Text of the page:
Posted 17th Sep 2014
Whether its a night cap or saviour after a hard day, a bottle of gin can be found in many households. We met up with Edinburgh Gin, a close-knit family business who gave us an insight into the creation of their Scottish tipple
Gin is currently enjoying something of a renaissance thanks to the exquisite tastes and styles of leading brands. Produced in small batches and packed full of the finest junipers, Edinburgh Gin delivers superior distilling expertise, with a refreshingly Scottish twist.
The brand was originally established in 2010 as part of the Spencerfield Spirit Company, which was founded in 2005 and is owned by Alex and Jane Nicol. It has recently opened a new distillery and visitor centre beneath the Rutland Hotel in Edinburgh. The distillery houses two custom-made stills, Flora and Caledonia, and offers visitors the opportunity to learn about the process of making gin with the chance to produce and bottle their own gin.
Last month, the company was presented with the Best Small Company accolade at 2014 Scotland Food and Drink Excellence Awards.
The process of making Edinburgh Gin
Edinburgh Gin starts life in a revered 200 year old Scottish copper pot still, where the finest Scottish grain spirit is distilled in the traditional way, together with the classic gin botanicals, such as juniper, coriander, citrus peel, angelica and orris root. What makes Edinburgh Gin so unique and distinctive is the carefully selected, notoriously soft Scottish botanicals, which are mixed with heather and milk thistle and added at the final production stage. The gin is finally bottled in Edinburgh at 43 per cent ABV.
1. Firstly the Grain Neutral Spirit is reduced from 96% to 50% ABV and is used to fill the still approximately half full. The botanicals are added to the GNS and left to macerate overnight to extract their essential oils.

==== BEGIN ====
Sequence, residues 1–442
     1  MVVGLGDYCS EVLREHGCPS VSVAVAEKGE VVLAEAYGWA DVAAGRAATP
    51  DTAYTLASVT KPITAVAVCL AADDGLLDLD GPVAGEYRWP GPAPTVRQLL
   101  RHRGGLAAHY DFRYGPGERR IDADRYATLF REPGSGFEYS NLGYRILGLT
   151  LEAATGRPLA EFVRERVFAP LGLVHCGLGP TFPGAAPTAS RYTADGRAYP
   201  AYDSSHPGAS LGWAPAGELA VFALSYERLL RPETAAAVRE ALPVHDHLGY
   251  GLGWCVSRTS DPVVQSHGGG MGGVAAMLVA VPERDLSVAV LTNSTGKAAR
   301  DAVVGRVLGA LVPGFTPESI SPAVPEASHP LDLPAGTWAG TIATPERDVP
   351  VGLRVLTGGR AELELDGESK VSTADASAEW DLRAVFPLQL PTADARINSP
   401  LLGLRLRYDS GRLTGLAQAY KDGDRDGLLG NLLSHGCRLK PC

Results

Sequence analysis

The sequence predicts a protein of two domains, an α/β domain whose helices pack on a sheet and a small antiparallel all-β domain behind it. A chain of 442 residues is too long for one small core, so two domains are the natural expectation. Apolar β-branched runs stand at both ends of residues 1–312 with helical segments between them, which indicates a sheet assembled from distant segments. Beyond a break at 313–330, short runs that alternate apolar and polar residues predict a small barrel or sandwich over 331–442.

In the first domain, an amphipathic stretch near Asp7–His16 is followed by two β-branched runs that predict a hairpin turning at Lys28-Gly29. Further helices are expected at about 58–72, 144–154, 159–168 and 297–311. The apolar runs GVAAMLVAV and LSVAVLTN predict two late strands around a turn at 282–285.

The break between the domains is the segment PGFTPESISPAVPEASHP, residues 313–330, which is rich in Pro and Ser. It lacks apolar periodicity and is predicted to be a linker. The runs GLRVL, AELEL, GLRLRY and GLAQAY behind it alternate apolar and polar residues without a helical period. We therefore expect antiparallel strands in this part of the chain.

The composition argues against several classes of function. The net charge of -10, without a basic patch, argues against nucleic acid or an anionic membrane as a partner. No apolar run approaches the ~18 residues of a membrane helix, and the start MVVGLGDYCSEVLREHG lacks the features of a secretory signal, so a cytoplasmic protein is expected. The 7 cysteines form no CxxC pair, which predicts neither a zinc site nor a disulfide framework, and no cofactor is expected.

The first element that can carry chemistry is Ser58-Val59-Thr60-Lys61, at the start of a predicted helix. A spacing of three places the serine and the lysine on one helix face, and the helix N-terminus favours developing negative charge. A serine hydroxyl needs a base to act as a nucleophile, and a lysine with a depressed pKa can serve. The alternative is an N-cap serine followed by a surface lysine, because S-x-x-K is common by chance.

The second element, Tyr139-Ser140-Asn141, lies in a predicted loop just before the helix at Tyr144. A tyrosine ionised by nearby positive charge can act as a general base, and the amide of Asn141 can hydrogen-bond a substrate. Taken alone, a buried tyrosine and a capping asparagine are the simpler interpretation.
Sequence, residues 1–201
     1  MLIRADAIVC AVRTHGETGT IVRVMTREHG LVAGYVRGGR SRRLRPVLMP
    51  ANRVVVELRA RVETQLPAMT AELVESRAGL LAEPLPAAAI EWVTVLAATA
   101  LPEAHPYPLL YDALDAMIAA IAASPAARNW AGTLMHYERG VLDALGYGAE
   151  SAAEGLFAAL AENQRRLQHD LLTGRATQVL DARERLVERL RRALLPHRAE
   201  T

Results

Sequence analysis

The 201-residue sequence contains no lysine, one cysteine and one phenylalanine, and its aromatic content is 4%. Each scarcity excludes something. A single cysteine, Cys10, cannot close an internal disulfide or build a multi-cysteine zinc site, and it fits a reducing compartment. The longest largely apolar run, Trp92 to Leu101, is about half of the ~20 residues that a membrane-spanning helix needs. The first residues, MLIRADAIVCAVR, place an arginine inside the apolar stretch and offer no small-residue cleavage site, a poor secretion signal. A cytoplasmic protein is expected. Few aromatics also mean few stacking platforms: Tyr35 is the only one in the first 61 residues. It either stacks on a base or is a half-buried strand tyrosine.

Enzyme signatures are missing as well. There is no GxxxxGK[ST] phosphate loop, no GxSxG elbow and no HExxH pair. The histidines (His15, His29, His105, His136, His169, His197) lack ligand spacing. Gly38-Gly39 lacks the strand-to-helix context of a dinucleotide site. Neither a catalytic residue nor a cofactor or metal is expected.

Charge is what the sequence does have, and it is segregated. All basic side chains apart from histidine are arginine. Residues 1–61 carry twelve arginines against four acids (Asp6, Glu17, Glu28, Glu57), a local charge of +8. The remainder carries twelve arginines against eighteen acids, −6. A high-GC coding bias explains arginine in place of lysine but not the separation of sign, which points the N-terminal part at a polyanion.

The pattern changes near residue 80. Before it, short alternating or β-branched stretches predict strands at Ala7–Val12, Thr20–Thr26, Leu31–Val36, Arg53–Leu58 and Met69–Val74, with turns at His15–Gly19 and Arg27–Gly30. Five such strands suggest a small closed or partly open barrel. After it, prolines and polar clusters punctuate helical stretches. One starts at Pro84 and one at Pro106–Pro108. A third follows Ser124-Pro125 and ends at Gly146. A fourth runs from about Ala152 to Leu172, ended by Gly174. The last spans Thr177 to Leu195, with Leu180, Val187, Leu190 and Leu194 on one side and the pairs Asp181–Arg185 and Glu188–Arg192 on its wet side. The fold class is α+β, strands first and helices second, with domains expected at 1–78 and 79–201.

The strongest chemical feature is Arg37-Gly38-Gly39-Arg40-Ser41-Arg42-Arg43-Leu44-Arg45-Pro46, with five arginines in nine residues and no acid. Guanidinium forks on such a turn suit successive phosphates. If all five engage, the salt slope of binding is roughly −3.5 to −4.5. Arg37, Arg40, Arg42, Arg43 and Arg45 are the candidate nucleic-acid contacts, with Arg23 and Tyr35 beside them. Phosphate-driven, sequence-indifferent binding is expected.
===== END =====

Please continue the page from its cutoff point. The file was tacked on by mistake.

2. A second batch of botanicals (the more delicate, floral ones) is hung in the head of the still inside a muslin bag. The stills are turned on which heats the water bath up to 100°C, this in turn heats the alcohol in the still to boiling point.
3. After reaching boiling point the alcohol vapour ascends the still into the lyne arm which leads to the condenser. The condenser is filled with cold water, which condenses the alcohol vapour into liquid.
4 .The gin leaves the bottom of the condenser and is collected in five litre jugs before being transferred to a 100 litre stainless steel vat. The gin will initially be around 85% ABV and this will gradually reduce during the distillation.
5. As the heads (first 5 litres) and tails (the last 25 litres) contain flavours not welcome in the gin they are collected in a separate vat. While the heart of the run (middle 40 litres) is diluted down to bottling strength, the heads and tails are recycled. They are then re-distilled through the column still to purify them and then use the resulting spirit (which is almost flavourless) with a fresh batch of botanicals to make more gin. The best botanical flavours are present after the heads and before the tails and combine to create the aroma and flavour of the gin.
6. As the gin is collected, around 80% of it is diluted down to bottling strength using deionised water which is completely pure and won't taint the flavour of the gin.
7. The gin is left to rest overnight to allow the different flavours to bind together. The following day the gin is bottled using a new, state of the art bottling line.
Images courtesy of Edinburgh Gin